America’s Best and Brightest Are Headed to Boulderby and
Cumberland, Maryland, leads areas losing white-collar jobs
Boulder, Colorado, tops Bloomberg Brain Concentration Index
The industrial city of Cumberland, Maryland, tucked in the Appalachians, illustrates the economic despair that helped Donald Trump win the U.S. presidency -- as well as efforts to alleviate it.
Cumberland tops the Bloomberg Brain Drain Index, which tracks metropolitan areas with the greatest loss of advanced-degree holders, white-collar jobs and earnings generated by employment in computer, engineering and science occupations. Once a thriving coal-mining and manufacturing center -- two sectors of the economy Trump pledged to revive -- Cumberland has struggled to draw new businesses.
“We are no longer defining ourselves as what we used to be,” said Shawn Hershberger, executive director of the Cumberland Economic Development Corp., which has worked to attract technology and tourism employers.
At the other end of the spectrum, Boulder, Colorado, a tech incubator and home of the University of Colorado, leads the 2016 Bloomberg Brain Concentration Index. It measures per-capita concentration of residents working in science, technology and engineering occupations or who have science and engineering college degrees or post-graduate degrees. Key industries in the metro area include aerospace, bio-science and renewable energy, along with information technology and software. It also is home to federal laboratories such as the National Institute of Standards and Technology.
“The public-sector presence contributed to the brains,” said Clif Harald, executive director of the Boulder Economic Council.
The two indexes illustrate the difficulty cities such as Cumberland face in creating new jobs, with modern manufacturing and mining driven more by technology than human muscle. A brain drain also reduces a city’s tax base, needed to maintain infrastructure, education and services to lure new businesses.
Once the terminus of the Chesapeake and Ohio Canal, Cumberland’s heyday was the 19th century through the 1940s. Since then it has had to reorient itself. The economic development corporation’s recent ChooseCumberland.org campaign offers business incentives including workforce training and development through local colleges, a loan pool and tax credits for job creation and investment.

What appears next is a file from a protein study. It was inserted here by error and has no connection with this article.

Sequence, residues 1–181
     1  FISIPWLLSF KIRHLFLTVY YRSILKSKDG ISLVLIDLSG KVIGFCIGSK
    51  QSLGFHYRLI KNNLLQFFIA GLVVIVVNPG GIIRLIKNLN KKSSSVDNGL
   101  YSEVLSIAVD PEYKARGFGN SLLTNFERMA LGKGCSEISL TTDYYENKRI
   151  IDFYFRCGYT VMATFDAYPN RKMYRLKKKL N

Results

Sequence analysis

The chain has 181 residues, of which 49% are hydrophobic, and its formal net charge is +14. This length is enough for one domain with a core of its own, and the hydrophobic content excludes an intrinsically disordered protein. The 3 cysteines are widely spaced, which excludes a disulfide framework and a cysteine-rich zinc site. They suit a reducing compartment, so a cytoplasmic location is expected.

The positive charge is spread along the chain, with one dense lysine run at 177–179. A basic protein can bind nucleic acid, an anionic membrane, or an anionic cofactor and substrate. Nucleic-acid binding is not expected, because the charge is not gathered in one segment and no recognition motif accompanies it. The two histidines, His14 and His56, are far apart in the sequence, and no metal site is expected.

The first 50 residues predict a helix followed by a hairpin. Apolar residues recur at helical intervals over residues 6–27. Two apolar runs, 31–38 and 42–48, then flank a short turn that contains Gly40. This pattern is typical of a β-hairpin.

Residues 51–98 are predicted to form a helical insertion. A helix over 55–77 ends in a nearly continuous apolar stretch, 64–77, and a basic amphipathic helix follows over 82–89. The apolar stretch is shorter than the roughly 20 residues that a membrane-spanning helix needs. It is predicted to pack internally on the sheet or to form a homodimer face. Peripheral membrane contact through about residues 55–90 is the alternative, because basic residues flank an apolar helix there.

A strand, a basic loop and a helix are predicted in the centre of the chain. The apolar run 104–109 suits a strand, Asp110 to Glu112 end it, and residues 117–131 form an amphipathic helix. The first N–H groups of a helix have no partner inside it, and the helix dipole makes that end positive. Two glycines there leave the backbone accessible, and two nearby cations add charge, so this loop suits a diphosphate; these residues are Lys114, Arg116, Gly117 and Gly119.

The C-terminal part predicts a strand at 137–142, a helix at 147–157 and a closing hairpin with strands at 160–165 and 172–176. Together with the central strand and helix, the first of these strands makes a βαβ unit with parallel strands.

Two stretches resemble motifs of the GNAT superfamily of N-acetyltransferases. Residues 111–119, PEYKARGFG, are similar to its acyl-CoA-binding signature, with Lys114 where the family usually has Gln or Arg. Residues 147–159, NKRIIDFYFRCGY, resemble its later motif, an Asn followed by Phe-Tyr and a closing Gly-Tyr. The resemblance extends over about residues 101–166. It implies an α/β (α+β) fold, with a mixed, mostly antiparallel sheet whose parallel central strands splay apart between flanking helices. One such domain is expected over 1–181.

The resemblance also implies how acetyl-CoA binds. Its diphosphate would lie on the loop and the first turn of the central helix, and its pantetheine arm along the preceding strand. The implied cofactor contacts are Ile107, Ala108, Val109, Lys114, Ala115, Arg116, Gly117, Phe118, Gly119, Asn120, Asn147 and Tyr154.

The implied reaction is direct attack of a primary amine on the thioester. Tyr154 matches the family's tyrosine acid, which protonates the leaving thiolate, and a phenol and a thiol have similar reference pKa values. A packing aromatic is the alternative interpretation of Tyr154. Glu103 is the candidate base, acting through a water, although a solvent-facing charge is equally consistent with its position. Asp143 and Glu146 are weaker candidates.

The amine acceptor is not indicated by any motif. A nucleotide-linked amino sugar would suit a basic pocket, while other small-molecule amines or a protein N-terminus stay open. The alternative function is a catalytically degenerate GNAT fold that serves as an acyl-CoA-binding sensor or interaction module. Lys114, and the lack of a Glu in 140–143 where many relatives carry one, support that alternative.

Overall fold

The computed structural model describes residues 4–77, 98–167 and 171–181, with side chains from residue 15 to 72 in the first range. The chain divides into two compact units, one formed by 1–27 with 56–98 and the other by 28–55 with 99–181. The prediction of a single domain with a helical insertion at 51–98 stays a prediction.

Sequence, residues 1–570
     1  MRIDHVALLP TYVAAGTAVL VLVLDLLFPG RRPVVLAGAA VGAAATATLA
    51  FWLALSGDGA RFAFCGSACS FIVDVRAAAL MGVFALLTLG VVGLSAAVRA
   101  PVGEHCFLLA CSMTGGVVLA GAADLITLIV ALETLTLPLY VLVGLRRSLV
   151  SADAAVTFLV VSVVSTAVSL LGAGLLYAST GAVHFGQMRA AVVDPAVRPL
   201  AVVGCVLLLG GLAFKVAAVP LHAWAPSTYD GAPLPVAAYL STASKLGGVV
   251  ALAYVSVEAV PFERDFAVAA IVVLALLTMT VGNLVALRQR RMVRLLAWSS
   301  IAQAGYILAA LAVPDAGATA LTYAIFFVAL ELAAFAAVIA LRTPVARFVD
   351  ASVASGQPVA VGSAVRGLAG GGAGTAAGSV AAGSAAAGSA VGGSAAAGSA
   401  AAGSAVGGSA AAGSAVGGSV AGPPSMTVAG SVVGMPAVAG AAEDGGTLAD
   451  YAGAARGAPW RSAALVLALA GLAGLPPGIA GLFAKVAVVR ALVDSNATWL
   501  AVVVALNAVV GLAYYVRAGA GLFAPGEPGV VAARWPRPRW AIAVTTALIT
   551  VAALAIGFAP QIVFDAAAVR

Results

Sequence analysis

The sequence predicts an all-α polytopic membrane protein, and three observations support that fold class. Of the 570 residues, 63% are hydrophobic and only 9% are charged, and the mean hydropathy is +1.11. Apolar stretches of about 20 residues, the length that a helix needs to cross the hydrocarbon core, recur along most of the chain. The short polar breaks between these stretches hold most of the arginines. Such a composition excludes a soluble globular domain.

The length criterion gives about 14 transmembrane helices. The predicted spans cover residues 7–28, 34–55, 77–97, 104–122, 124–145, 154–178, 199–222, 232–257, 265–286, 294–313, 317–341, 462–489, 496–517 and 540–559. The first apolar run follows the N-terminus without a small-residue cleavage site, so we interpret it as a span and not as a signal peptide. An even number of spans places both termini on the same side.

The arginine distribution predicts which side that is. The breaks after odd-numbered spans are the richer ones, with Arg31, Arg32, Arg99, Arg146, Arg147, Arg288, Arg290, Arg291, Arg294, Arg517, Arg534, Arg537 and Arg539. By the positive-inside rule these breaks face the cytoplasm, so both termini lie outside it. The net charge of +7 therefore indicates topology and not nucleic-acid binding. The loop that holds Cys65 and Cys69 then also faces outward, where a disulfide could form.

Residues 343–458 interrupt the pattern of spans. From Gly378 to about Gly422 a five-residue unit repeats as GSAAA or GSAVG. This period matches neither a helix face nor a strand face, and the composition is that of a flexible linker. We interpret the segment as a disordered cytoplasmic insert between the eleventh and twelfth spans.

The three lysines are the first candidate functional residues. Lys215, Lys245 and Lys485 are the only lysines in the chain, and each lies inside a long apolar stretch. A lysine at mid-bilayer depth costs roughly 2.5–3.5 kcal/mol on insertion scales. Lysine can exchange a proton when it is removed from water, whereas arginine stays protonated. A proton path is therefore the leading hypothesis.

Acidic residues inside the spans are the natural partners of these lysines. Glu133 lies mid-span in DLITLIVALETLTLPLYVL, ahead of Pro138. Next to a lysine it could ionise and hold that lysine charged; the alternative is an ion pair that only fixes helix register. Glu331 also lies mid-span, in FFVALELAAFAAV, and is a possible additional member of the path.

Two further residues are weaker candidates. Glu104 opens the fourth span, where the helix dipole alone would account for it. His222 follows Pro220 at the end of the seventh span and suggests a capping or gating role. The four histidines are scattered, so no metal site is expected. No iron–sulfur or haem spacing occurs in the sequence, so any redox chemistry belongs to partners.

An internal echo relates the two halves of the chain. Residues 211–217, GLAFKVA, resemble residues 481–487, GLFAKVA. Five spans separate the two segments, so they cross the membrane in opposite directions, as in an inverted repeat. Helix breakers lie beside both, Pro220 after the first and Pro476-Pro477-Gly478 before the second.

The area also has retained some manufacturing, including National Jet Co., a precision-drilling company that’s stayed there for 79 years, mainly because of its specialized workforce, according to President R. Samuel Griffith.
“We have people who have been with us 30 to 40 years,” he said, adding his business has 25 employees.
Even with this dedication, the city’s population dropped 3.4 percent to 20,130 from April 1, 2010, to July 1, 2015, according to the Census Bureau. Surrounding Allegany County also experienced a 3.4 percent loss to 75,528. Participation in the metro area’s labor force -- people working or actively seeking work -- was 49.7 percent last year compared with 63.1 percent nationally.
“We do have challenges finding very experienced individuals locally,” said Jonathan Hutcherson, president of Exclamation Labs in Cumberland, a leader in the effort to revive the city. His web-applications development company employs 25 people and has had to recruit talent from other states.
The other four metropolitan areas suffering the greatest brain drain are the former steel-mill town of Pueblo, Colorado, followed by Valdosta, Georgia; Goldsboro, North Carolina; and Muskegon, Michigan.
Boulder’s population rose 10.1 percent to 107,349 from April 1, 2010, to July 1, 2015, with surrounding Boulder County experiencing an 8.4 percent increase to 319,372. The metro area’s labor-participation rate, at 68.8 percent, was higher than the national rate last year.
Following Boulder on the list of the top five metro areas with the greatest brain concentration are technology savvy San Jose, California; the university towns of Ann Arbor, Michigan, and Ithaca, New York; and Washington.